See-saw nystagmus is an extreme rarity, first reported by E. E. Maddox1 in 1914. In this phenomenon, the movements of the two eyes are pendular and dissociated, one rising while the other falls in opposite directions resembling a see-saw. Maddox' case was a 53-year-old man with a bitemporal hemianopia. We are aware of but one other reported case.2 In the latter, see-saw nystagmus was noted in a patient with extremely low vision attributed to toxoplasma chorioretinitis. The following is the third reported case, and the first case of see-saw nystagmus with histologic verification.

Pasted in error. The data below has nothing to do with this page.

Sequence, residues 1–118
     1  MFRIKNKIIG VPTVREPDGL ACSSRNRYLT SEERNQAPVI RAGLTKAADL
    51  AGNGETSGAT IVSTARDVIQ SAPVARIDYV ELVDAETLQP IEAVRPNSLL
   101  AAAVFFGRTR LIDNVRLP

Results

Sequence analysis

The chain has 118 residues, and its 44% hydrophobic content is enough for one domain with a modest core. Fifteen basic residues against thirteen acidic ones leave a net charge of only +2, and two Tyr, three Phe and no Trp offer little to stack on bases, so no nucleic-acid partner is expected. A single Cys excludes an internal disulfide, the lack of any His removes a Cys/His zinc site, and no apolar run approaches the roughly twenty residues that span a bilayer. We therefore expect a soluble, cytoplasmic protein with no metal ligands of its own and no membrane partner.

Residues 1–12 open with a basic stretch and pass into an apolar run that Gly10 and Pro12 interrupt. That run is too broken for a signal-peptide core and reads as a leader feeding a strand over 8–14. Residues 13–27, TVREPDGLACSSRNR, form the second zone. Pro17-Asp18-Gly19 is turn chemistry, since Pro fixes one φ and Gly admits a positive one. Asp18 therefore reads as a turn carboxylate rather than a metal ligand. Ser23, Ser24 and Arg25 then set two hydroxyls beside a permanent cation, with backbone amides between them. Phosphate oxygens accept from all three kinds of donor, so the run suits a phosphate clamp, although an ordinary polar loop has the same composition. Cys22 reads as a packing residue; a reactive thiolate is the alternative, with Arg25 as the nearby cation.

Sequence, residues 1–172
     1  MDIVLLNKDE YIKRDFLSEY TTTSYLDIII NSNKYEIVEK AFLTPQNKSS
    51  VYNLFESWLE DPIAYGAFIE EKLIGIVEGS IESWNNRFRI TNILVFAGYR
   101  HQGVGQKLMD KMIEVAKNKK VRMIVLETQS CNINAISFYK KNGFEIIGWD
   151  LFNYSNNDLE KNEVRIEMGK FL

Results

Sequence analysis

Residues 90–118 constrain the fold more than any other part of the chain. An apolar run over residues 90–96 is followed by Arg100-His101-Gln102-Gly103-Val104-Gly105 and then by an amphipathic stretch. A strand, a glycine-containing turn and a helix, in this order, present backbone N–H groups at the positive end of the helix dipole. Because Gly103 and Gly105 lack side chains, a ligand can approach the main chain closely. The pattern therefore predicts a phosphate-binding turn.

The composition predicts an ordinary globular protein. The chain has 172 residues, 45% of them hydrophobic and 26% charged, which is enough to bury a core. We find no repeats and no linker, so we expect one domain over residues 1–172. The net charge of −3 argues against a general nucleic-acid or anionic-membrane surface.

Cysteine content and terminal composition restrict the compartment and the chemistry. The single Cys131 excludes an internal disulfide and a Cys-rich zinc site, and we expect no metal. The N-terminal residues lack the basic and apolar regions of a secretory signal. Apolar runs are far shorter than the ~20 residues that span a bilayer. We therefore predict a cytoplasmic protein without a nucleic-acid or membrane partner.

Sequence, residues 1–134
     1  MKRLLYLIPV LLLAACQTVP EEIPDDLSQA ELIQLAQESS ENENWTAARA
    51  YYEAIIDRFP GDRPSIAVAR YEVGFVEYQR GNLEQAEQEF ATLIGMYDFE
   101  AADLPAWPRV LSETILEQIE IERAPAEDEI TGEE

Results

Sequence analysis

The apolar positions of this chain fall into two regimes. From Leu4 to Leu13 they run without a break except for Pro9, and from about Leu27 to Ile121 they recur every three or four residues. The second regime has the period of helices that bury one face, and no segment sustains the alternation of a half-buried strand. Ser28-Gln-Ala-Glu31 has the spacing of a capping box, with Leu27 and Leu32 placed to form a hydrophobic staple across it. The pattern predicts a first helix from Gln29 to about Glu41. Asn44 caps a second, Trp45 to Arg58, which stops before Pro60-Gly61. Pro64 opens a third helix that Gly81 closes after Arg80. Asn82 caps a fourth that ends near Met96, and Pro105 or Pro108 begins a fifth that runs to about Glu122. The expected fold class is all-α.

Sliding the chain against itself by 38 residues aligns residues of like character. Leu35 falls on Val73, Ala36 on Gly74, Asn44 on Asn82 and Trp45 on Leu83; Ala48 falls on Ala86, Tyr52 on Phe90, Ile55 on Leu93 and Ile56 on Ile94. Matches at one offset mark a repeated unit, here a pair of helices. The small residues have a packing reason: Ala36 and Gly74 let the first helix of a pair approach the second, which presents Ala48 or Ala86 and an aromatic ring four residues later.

Report of a Case
A 10-year-old white girl was first admitted to the Massachusetts General Hospital on Nov. 10, 1958. The chief complaint was "twitching eyes" of five months' duration. The girl had enjoyed excellent health until June, 1958, when one day a friend happened to notice that the patient's eyes were "twitching." Three months
SMITH JL, MARK VH. See-Saw Nystagmus with Suprasellar Epidermoid Tumor. AMA Arch Ophthalmol. 1959;62(2):280–283. doi:10.1001/archopht.1959.04220020106015
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